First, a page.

America’s Intermediate Area in the pre-Columbian Era
FED-tWIN is a federal research program of the Federal Public Service Science Policy Programming Service (BELSPO) with the aim of stimulating sustainable cooperation between ten federal science institutions and Belgian Universities through the funding of joint research profiles.
Summary of the project
The study of pre-Columbian civilizations holds a prominent position both in the RMAH and the ULB (Université Libre de Bruxelles). Ancient America is divided by researchers into four major geo-cultural areas: North America (from the Arctic Circle to the northern half of Mexico), Mesoamerica (Southern Mexico, Guatemala, Belize, part of Honduras and El Salvador), Central America (including the Isthmus of Panama) and South America. The pre-Columbian period runs from the man’s arrival on the continent around 25,000 BP until the Spanish conquest during the sixteenth century.
The B-tWIN Americas project aims to bring together the two Belgian Americanist centers of excellence through an ambitious long-term study of the Central American zone and the neighboring Southern regions in the pre-Columbian era, that is to say Nicaragua, Costa Rica, Panama, Venezuela, Colombia and Ecuador. For the sake of clarity, it will be referred to here as "the Intermediate Area". Apparently, this region has played a decisive role in the development of certain aspects of pre-Hispanic societies. It is sometimes presented as a home of origin, an exchange crossroads or a springboard for the transmission of various cultural traits between the two great parts of the New World. Although poorly known, these links and communications networks have intertwined for several thousand years in this hinge region that connects the Meso, Central and Southern parts of the American continent.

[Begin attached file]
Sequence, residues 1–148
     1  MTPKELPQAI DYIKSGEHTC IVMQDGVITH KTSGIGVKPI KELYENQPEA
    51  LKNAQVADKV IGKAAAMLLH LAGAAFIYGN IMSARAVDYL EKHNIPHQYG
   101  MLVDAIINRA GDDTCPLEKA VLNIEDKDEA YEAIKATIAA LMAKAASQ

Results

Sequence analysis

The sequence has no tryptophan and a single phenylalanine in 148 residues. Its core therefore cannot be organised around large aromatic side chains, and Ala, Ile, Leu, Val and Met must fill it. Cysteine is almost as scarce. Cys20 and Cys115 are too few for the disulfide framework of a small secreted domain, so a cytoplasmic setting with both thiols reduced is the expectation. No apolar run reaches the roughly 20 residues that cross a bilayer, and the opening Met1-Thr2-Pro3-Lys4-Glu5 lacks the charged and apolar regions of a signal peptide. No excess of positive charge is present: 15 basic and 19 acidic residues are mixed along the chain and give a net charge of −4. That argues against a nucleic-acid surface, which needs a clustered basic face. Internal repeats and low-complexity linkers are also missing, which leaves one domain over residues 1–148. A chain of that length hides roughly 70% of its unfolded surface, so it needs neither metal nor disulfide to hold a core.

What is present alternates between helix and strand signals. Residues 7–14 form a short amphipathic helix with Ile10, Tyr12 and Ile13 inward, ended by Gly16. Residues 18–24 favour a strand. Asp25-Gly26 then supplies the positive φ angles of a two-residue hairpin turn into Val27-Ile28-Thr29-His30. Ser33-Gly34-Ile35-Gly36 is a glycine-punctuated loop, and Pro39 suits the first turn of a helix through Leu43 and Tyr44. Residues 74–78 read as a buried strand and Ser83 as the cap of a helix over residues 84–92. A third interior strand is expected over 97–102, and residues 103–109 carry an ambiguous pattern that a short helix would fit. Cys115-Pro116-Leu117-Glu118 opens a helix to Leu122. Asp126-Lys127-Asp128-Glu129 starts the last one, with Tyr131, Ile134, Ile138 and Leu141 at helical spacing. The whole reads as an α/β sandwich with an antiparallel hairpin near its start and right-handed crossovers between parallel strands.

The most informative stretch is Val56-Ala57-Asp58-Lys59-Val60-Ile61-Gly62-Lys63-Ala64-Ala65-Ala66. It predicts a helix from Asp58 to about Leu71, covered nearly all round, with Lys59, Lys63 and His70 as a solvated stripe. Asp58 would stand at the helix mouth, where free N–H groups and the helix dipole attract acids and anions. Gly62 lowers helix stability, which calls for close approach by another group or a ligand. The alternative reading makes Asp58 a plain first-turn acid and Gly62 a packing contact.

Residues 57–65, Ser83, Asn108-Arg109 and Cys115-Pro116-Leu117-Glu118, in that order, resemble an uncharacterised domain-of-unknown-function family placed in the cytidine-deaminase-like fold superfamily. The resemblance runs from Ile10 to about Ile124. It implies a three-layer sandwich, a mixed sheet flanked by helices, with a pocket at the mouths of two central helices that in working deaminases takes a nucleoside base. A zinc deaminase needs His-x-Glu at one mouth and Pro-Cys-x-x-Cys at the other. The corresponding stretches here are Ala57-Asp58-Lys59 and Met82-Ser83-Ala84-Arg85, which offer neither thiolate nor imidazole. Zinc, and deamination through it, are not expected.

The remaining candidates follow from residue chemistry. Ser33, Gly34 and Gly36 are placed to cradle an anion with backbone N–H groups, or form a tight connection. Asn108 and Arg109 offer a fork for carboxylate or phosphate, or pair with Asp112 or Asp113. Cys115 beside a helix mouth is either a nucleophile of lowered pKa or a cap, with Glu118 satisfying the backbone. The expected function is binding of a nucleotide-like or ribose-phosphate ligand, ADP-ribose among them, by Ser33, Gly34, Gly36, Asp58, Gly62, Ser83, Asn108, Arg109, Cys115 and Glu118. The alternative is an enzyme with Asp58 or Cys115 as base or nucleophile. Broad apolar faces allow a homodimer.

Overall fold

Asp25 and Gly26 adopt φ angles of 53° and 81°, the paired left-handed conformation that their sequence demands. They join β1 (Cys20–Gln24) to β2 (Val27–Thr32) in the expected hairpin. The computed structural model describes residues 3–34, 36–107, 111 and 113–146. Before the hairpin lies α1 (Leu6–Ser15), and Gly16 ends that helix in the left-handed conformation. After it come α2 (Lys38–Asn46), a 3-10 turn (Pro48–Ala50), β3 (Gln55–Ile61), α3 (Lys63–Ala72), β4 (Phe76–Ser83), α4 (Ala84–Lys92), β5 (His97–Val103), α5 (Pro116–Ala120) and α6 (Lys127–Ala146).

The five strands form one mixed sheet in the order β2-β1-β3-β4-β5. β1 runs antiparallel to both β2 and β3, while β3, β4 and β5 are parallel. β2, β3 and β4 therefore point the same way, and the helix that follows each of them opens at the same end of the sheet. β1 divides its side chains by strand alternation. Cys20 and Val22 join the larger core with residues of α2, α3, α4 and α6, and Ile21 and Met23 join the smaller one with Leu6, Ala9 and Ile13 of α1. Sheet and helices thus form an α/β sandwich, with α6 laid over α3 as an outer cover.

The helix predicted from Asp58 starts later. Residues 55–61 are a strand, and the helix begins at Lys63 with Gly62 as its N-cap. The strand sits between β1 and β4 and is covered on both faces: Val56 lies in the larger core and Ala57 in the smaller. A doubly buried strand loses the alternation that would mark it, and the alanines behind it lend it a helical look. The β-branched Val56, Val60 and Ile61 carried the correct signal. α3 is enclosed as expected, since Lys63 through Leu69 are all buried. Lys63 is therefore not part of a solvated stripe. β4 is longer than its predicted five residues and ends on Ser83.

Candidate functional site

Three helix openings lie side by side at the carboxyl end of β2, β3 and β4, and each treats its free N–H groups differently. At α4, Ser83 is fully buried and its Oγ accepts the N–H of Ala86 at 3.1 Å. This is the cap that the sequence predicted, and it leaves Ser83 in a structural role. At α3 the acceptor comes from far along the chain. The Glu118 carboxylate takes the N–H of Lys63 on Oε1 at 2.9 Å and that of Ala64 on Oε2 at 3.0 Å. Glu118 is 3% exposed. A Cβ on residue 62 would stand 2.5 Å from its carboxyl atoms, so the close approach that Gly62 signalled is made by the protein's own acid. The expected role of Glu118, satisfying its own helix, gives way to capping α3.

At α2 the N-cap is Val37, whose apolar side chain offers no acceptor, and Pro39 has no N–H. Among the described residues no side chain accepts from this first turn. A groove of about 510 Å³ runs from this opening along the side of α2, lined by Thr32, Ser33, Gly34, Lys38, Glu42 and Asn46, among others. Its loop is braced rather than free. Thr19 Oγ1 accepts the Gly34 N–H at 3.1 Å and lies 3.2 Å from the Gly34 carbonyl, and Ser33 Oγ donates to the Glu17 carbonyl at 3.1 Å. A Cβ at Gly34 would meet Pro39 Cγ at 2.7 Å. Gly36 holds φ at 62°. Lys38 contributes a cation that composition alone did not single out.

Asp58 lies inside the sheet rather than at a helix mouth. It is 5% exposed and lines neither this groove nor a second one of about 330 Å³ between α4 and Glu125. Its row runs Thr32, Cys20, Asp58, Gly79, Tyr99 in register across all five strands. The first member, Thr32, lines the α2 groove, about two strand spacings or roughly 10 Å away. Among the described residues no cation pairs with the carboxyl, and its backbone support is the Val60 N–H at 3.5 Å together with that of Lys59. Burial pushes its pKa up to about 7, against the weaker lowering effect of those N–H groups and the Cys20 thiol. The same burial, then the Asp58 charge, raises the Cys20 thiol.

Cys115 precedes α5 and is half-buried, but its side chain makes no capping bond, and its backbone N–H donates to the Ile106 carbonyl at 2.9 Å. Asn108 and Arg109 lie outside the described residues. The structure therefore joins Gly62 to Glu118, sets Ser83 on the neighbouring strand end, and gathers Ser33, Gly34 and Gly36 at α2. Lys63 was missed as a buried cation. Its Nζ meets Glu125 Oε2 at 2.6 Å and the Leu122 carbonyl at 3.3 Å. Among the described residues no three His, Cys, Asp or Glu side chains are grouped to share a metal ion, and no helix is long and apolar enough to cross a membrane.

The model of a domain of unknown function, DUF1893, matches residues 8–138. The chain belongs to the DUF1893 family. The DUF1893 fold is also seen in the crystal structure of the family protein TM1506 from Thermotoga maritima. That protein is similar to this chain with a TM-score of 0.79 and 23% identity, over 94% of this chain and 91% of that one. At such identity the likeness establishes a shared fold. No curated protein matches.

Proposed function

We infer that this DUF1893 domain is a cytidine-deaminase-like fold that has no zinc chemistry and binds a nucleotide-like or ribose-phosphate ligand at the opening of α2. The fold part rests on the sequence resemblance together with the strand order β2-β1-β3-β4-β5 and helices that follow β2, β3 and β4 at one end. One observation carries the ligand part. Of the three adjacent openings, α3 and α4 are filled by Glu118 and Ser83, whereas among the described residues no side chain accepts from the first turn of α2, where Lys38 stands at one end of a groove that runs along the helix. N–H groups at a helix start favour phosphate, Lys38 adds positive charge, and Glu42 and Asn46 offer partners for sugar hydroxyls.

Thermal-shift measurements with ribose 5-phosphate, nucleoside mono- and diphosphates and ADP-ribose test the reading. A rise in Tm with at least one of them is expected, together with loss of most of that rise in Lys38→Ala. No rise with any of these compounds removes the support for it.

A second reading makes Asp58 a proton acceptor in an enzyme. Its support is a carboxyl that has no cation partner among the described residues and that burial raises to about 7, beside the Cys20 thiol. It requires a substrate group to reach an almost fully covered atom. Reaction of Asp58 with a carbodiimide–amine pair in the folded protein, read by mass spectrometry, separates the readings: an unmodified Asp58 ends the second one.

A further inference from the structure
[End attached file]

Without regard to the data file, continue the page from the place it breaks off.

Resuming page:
What characterizes the pre-Hispanic cultures of the Intermediate Area? Are there similarities and / or divergences between their various productions? How were the different goods of material culture produced? Did contacts exist between these cultures and / or those of Mesoamerica or Andes? And if so, since when? In a continuous or discontinuous way? Were the contacts direct or indirect? Via intermediaries? What was the nature of these contacts? Did it involve transmissions of knowledge or know-how? So many questions to which the B-tWIN Americas project intends to answer thanks to close collaboration between the RMAH and the ULB.
Serge Lemaitre (RMAH) and Peter Eeckhout (ULB)